10. Hopefully you are employing someone for the longer term – beyond the current project requirements. In this case it may be prudent to consider how they will fit into the company’s future. Will they fill the intended future roles you have in mind, or will they become a liability later?
Of course you are probably unlikely to find the perfect candidate so you’ll probably have to compromise somewhere. Skills are probably easier to add to, but personalities can be hard to change.
To learn more read; ‘What does it take to manage a construction project?’
Is there someone else?
Of course before employing someone to fill a position it may be pertinent to consider the following:
1. Is there someone already in the company who could fill the role? This person could be in another division – I have seen some companies where one division is employing people while another division is letting people go.
2. Is there someone who could fill the roll who will be released shortly from another project? Sometimes it may be necessary to juggle people around to release the person sooner.
3. Is there someone in the company who could be trained to fill the position?
4. If the role is for a short period only it may be better to employ a person on a limited contract only, or outsource the job.
Construction companies are always under pressure to cut costs and keep staff to the minimum. This is often exacerbated by the cyclical nature of the construction business which can go from ‘boom’ to ‘bust’ almost overnight. Despite this it makes sense for construction companies to have training programs to develop their staff to fill roles in the future. People will leave. Companies will obtain new projects. To always think that you will then, at short notice, be able to find just the ‘right person’ is short-sighted. In fact I have often seen that companies don’t find the ‘right person’. They end up employing the ‘wrong person’, which often leads to costly problems on the project, and even impacts the company’s reputation.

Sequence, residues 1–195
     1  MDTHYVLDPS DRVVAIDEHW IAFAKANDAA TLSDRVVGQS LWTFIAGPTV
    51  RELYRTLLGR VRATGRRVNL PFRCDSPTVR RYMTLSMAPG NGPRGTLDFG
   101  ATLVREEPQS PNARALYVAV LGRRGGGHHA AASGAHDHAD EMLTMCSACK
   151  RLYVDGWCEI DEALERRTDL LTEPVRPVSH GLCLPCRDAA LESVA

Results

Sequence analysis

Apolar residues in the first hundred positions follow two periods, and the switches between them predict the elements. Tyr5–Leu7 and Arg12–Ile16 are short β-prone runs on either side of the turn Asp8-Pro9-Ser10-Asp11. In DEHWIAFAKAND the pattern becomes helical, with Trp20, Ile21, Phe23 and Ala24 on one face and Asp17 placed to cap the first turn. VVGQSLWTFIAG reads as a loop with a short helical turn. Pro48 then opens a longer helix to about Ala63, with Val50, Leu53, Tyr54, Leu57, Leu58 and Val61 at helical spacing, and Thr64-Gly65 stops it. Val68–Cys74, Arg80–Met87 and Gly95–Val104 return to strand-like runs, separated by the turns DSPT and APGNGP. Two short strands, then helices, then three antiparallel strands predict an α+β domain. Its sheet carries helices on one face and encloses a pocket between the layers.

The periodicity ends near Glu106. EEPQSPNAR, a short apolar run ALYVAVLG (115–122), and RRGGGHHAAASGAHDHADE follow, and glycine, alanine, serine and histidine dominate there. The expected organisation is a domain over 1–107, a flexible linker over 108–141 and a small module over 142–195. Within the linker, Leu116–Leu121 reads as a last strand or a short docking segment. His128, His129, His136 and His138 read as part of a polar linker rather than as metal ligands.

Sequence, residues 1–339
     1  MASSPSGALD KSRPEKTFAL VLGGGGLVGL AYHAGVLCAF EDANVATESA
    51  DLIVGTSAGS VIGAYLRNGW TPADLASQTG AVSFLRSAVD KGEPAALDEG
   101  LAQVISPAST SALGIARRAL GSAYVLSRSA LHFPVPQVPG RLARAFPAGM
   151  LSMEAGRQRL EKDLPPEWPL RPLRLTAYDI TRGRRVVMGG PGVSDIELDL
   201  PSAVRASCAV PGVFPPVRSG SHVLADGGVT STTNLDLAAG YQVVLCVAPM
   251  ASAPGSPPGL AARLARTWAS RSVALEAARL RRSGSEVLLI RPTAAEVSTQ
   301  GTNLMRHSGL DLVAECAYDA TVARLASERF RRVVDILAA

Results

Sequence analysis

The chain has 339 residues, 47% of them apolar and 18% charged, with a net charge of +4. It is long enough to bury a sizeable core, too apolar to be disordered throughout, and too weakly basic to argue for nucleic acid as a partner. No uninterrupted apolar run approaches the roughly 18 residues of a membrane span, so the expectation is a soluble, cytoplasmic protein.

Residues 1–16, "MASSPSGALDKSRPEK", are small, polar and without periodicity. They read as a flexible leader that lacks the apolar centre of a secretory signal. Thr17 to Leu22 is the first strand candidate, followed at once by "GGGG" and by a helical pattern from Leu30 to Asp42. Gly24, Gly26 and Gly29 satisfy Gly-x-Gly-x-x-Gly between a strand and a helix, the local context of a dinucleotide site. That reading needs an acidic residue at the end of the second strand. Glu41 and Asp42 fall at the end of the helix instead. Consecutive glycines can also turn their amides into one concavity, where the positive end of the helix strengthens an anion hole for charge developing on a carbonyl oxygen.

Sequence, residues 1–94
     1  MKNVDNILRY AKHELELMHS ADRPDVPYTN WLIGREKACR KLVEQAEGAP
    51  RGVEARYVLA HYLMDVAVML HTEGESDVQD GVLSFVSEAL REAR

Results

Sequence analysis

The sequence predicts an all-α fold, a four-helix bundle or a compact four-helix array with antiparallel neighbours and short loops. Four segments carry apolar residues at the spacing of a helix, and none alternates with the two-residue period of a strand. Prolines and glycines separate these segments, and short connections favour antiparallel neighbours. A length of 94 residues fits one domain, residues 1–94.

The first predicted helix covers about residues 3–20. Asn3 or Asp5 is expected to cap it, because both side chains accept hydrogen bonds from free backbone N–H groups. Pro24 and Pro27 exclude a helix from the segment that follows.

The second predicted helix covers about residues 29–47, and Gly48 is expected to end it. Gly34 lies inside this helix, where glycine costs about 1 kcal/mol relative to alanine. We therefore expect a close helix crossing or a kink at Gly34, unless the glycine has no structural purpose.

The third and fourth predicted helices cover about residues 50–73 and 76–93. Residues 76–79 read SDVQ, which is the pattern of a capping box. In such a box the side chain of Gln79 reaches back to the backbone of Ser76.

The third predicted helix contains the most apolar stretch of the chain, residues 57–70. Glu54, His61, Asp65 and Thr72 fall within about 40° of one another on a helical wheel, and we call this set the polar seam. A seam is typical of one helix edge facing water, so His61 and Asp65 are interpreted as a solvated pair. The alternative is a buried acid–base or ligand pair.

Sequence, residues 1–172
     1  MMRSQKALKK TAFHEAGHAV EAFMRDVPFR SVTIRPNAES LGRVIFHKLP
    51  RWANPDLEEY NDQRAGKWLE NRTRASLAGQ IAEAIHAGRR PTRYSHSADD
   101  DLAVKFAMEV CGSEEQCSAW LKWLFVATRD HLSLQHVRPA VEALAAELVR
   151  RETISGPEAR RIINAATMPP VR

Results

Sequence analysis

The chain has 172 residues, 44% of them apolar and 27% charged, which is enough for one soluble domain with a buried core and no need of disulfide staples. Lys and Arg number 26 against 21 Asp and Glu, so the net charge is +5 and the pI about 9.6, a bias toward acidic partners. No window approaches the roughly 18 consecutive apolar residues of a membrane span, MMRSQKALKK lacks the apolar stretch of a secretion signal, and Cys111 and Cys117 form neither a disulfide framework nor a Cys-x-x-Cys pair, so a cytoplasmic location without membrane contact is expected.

What do you consider when you’re searching for someone to fill a roll?
What experience have you had when the ‘wrong person’ was employed?
Thank you for reading this article. If you found it useful please ‘like’ or share it so others in your network can read it. Please add your comments so we can learn from your experiences.
Other similar articles by the author:
How poor productivity impacts projects
Understanding what impacts your construction company’s reputation.
Why should we take construction safety seriously?
(Written by Paul Netscher the author of the acclaimed books ‘Successful Construction Project Management: The Practical Guide’ and ‘Building a Successful Construction Company: The Practical Guide’. Both books are available in paperback and e-book from Amazon and other retail outlets. This article is adapted from information included in these books.)
© 2015 This article is not to be reproduced for commercial purposes without written permission from the author.
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Copyright 2016 - The attached articles cannot be reproduced for commercial purposes without the consent of the author.
The opinions expressed in the attached articles are those of the writer. It should be noted that projects are varied and different laws and restrictions apply which depend on the location of the contractor and the project. It's important that the reader uses the supplied information taking cognisance of their particular circumstances. The writer assumes no responsibility or liability for any loss of any kind arising from the reader using the information or advice contained herein.